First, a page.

Hundreds of residents of the ultra-Orthodox Jerusalem neighborhood of Mea Shearim crowded the city’s streets Monday night to mark the Lag B’Omer holiday, ignoring a government ban on celebrations meant to stave off a fresh outbreak of the novel coronavirus.
Bonfires and gatherings were also reported in Beit Shemesh and the incidents drew an angry rebuke from Prime Minister Benjamin Netanyahu, who ordered a police crackdown on the illegal celebrations.
Footage showed adults and children dancing and congregating in close quarters, despite social distancing restrictions meant to prevent the spread of the coronavirus.
Police were reported to be working to disperse gatherings at several bonfires in the neighborhood.
Hebrew media estimates said Tuesday that a total of about 1,000 ultra-Orthodox residents of Mea Shearim had flouted the ban on gatherings.
In the city of Beit Shemesh, near Jerusalem, officers dispersed groups at a number of illegal bonfires, where dozens of ultra-Orthodox Jews had congregated.
Several extremists verbally and physically harassed a Channel 13 correspondent and his cameraman, as they reported from near a bonfire. At least one rock was thrown at them and appeared to hit reporter Yossi Eli, as he broadcast live.
There were no immediate reports of arrests.
“I strongly condemn all violence and denounce all the extremists who stain the name of Beit Shemesh. The vast majority of the city’s residents are celebrating this evening at home and adhering to the directives,” Mayor Aliza Bloch said.
In a midnight statement, Netanyahu’s office said he spoke to outgoing Public Security Minister Gilad Erdan, acting Police Commissioner Moti Cohen and National Security Adviser Meir Ben-Shabbat to order that police “step up enforcement immediately and disperse the gatherings.”
Ben-Shabbat warned that the celebrations could lead to a fresh outbreak of the coronavirus, according to the Prime Minister’s Office.
Dedy Simhi, head of the Israel Fire and Rescue Authority, told Channel 13 in an interview that the majority of Israelis were following the guidelines.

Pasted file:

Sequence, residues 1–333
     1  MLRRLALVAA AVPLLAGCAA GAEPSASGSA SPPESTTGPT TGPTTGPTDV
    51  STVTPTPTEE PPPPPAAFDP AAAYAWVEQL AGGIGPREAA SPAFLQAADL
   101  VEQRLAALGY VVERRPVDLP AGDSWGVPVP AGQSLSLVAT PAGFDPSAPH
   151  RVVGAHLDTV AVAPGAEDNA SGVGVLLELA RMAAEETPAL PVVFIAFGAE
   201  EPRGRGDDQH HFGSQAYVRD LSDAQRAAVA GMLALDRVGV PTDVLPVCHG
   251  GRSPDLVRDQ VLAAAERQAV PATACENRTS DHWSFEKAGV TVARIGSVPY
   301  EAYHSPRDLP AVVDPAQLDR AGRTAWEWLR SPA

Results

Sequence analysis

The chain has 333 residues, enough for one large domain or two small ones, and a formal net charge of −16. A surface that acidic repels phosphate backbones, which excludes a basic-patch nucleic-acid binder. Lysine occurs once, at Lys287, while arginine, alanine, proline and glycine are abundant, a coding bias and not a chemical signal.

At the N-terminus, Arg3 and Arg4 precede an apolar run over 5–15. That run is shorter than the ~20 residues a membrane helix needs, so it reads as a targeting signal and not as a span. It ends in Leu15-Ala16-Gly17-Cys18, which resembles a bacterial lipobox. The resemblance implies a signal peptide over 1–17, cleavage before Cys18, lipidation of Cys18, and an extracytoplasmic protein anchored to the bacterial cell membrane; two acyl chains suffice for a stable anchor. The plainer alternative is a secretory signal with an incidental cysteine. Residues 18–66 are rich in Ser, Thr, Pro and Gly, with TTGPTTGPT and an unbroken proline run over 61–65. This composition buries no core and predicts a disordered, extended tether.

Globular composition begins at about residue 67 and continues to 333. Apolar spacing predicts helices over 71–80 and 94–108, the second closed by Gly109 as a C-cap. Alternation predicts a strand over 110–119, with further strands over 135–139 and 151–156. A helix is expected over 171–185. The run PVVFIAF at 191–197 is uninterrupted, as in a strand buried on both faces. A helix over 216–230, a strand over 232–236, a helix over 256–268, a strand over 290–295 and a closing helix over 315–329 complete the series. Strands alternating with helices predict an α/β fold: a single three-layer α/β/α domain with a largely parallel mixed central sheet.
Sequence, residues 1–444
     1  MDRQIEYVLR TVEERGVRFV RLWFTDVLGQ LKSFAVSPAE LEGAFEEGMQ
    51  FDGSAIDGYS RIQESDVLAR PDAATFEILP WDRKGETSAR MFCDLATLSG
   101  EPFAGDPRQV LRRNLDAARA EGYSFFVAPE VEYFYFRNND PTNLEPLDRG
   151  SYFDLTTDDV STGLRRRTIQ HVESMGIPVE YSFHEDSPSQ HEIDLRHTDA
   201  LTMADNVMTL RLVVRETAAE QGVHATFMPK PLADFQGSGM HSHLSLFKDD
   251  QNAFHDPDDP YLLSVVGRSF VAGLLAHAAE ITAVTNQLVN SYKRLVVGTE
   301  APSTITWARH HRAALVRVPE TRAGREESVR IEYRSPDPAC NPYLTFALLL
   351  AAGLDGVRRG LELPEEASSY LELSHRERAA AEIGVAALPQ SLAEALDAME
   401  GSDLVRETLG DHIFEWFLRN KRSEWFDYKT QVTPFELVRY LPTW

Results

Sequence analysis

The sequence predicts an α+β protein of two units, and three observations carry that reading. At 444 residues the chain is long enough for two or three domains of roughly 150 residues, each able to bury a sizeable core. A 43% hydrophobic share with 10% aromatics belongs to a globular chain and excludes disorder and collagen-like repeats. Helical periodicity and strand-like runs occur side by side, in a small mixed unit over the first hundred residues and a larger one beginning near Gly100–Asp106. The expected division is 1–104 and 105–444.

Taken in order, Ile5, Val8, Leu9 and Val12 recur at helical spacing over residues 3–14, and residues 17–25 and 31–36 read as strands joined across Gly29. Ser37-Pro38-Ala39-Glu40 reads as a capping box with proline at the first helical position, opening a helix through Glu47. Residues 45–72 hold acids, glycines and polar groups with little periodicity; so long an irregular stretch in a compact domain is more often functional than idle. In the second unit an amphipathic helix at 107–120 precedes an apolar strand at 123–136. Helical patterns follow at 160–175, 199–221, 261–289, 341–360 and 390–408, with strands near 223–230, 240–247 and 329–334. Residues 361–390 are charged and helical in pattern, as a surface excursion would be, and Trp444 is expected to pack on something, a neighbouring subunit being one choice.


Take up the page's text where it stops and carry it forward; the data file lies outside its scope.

Ministers decided last week to ban bonfires and entry to Mount Meron in northern Israel, which usually draws hundreds of thousands for the Jewish mystical holiday, but stopped short of reimposing a full curfew.
The country in recent weeks has begun to rollback restrictions on movement as infection rates have dropped to a few dozen new cases a day.
Both Jerusalem and Beit Shemesh saw major outbreaks of the disease last month, mostly tied to the ultra-Orthodox community, which initially resisted social distancing measures.
In Bnei Brak, another virus hotspot, scattered fires were reported but no major disturbances. A truck with a fake bonfire blasting Hassidish music traversed the ultra-Orthodox city’s streets in an attempt to bring some holiday cheer to would-be celebrants.
At the grave of second century CE sage, Rabbi Shimon Bar Yochai, on Mount Meron — the center of the holiday’s religious rites — the festivities were highly subdued, with attendance limited to 150 people. Exemptions were granted to have three bonfires at the site.
At least one MK, United Torah Judaism’s Yaakov Eichler, was at the grave site, bucking a call from his fellow party member Moshe Gafni for lawmakers to set an example for the public and stay away.
Shas, another ultra-Orthodox party, also called on its lawmakers not to travel to Meron.
Hundreds of police were deployed to the area to prevent people from trying to sneak into the site, with Channel 12 news reporting that officers arrested 30 people trying to make their way to Mount Meron.
Besides the officers patrolling on the ground, police also used drones and observation balloons to enforce the ban on traveling to the site.
The government last week approved emergency ordinances for Lag B’Omer, banning bonfires and gatherings across the country to prevent the coronavirus from spreading.
Violators of the ordinances, which came into effect over the weekend and will be in place until Wednesday, can be hit with a NIS 500 ($142) fine.
Lag B’Omer has become a key holiday in the Jewish mystical tradition, said to be the day of the death of Bar Yochai, and also marking the anniversary of when he first conveyed the text of the seminal Jewish mystical work, the Zohar.
The decision to impose restrictions during Lag B’Omer came as containment measures introduced to stem the outbreak have successfully brought the number of daily cases down to dozens.
Lockdown measures were introduced over Passover, Memorial Day, and Independence Day to prevent the pathogen’s spread, and continue to be in effect in some areas for the month-long Ramadan Muslim holiday and fast.
In recent weeks, in the rest of the country, the government has rescinded many restrictions on movement and allowed most stores and businesses to reopen.
By Toi Staff – The Times of Israel